In a preferred embodiment of this invention, the control processor 120 includes a conventional microprocessor architecture to allow existing software to be run, including a browser, network interface management, protocol stacks, and so on. A typical control processor 120 includes memory resources as required, typically in the form of one or more banks of SDRAM 220. As in a conventional microprocessor system, the control processor 120 includes a central processing unit (CPU) 230, one or more coprocessors 240, and an input/output (I/O) interface 250. In a preferred embodiment, a control processor 120, or an ancillary device 130 (in FIG. 1) includes a power module 260 that is configured to provide regulated power to other devices 110, 120, 130 within the platform 100. Also in a preferred embodiment, the devices 110, 120, 130, are each configured to allow for a “hot” plug-in of the device 110, 120, 130, so that a device 110, 120, 130 can be added or removed from the platform 100 without stopping the operation of the platform 100 and the existing devices 110, 120, 130. The connector that is used to connect each device 110, 120, 130 to the platform 100 facilitates the hot plug-in of the device 110, 120, 130, such as the EuroCard 96-wire connector.

FIG. 3 illustrates an example block diagram of a system architecture of a home control platform 100 in accordance with this invention. Of primary importance, the home control platform 100 is configured to support “legacy” devices, such as devices that are currently coupled to existing home control networks. One or more of the devices 110, 120, 130 that are coupled to the home control 100 are preferably configured to provide support to these legacy devices, such as existing televisions 301, telephones 302, and so on 303, 304.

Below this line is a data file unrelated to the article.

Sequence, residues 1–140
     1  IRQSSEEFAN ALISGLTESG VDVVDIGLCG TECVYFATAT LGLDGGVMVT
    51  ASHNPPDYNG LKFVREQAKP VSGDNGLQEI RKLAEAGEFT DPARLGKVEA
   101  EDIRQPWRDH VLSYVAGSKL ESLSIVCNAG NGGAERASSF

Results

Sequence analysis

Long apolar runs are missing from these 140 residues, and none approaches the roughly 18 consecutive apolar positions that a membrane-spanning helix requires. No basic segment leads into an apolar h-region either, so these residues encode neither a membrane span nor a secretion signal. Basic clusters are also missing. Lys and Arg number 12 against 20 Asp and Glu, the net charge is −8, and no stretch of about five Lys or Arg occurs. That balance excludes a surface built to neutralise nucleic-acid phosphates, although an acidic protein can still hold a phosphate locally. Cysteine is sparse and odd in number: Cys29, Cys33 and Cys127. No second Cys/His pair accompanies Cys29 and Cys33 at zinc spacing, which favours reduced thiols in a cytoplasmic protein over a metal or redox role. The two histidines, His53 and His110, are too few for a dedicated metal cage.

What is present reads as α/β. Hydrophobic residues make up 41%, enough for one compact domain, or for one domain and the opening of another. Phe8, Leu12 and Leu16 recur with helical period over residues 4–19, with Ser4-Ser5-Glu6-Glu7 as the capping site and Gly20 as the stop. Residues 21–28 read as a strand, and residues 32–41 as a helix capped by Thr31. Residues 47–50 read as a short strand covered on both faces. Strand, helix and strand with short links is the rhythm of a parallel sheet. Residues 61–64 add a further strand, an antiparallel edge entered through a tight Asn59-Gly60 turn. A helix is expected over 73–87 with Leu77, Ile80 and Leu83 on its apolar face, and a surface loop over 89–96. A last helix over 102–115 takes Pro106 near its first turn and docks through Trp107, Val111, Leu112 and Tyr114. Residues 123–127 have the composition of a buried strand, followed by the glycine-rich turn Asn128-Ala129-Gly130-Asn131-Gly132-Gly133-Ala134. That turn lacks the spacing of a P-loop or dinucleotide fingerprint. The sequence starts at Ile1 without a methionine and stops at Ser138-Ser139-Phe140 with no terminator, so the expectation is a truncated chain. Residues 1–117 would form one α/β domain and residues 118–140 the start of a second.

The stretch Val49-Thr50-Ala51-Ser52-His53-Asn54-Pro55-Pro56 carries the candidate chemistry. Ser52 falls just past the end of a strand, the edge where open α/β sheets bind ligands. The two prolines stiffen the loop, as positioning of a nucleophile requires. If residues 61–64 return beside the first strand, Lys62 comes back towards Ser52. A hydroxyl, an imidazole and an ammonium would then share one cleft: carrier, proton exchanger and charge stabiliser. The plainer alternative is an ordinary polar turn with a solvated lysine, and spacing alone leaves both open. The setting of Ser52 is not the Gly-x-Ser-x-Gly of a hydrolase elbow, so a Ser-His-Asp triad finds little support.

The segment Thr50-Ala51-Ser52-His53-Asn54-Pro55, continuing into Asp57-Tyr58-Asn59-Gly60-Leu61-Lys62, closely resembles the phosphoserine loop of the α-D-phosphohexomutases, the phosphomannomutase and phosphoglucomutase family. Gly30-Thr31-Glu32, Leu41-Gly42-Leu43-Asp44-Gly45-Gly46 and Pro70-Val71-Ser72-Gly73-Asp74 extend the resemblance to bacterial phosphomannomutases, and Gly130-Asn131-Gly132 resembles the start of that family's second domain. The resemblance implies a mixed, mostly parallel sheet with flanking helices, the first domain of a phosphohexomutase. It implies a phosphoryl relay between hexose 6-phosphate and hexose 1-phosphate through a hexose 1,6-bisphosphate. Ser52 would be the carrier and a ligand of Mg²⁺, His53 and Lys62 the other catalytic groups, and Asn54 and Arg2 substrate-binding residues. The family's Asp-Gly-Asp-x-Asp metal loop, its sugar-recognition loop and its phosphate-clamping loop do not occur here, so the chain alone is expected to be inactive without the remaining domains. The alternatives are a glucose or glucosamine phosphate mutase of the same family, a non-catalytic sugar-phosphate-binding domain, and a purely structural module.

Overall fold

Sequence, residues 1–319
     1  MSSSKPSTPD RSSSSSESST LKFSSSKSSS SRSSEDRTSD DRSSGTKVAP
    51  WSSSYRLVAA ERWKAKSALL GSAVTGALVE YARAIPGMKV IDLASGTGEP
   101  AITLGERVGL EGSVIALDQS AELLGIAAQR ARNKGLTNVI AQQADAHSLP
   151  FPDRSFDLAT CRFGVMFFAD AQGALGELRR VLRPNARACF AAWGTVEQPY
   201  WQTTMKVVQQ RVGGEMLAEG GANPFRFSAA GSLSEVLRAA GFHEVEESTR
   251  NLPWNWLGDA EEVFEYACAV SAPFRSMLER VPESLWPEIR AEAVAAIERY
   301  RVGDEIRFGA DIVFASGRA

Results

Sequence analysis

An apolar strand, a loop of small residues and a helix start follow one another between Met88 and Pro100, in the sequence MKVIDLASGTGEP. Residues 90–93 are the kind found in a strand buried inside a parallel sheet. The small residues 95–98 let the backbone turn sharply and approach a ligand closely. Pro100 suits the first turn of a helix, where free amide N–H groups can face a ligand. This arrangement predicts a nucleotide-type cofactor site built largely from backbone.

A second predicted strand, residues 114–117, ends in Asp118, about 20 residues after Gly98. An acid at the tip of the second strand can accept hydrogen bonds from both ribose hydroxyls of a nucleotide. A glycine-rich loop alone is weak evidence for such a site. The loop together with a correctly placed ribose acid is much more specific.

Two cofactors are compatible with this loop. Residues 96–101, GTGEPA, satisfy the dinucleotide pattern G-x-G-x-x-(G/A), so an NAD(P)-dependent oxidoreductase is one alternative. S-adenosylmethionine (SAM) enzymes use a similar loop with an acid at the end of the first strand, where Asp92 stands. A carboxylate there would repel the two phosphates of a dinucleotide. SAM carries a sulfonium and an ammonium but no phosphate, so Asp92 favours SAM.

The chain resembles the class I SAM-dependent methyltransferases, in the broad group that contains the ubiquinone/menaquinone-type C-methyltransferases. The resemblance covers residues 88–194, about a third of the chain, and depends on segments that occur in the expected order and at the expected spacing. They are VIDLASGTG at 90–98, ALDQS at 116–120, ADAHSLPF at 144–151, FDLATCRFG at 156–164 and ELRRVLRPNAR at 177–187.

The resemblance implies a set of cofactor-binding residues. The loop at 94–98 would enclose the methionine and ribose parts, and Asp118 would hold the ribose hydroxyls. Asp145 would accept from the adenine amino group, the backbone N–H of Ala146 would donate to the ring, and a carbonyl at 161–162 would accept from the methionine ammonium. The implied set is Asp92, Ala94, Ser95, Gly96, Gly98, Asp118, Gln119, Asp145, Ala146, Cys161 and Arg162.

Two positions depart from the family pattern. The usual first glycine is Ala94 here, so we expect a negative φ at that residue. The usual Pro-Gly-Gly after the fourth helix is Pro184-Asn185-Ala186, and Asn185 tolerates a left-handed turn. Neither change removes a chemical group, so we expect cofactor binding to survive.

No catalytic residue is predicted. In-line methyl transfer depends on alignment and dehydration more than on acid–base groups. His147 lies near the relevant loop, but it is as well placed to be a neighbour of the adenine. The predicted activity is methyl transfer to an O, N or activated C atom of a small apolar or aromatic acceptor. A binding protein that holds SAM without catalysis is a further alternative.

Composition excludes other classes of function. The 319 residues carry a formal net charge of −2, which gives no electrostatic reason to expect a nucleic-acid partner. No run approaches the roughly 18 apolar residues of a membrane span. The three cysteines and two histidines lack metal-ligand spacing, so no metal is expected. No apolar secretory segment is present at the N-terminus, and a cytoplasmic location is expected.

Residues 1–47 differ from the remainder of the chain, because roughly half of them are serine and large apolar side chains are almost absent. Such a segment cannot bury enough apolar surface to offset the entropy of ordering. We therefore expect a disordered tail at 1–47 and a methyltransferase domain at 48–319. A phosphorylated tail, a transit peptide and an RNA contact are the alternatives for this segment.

The legacy I/O components 310 of the platform 100 supports the legacy peripherals 301-304 by providing such services as e-mail and basic home-control functions for these peripherals 301-304.

The additional components 320 provide the added value of the platform 100 for integrating and supporting current and future applications. For example, the addition of an interface (modem or tuner) to a cable or satellite network 331 allows the user to download video-on-demand programs for viewing on the legacy television 301. In like manner, providing an interface to a media center 332 to the platform 100 allows the media center 332 to use the existing legacy speakers 304. Similarly, providing support for a home security system 333 allows the security system 333 to potentially monitor the status of legacy systems, as well as systems designed to interface with the platform 100, such as the media center 332. For example, the refrigerator 334 may be configured to sound an alarm, via the home security system 333, if the temperature gradient indicates a progression toward particular high or low temperature limits. An interface to a wireless network 390 allows users to enter the home control network using portable devices, such as notebook computers, cell phones, and personal-data-assistants (PDAs).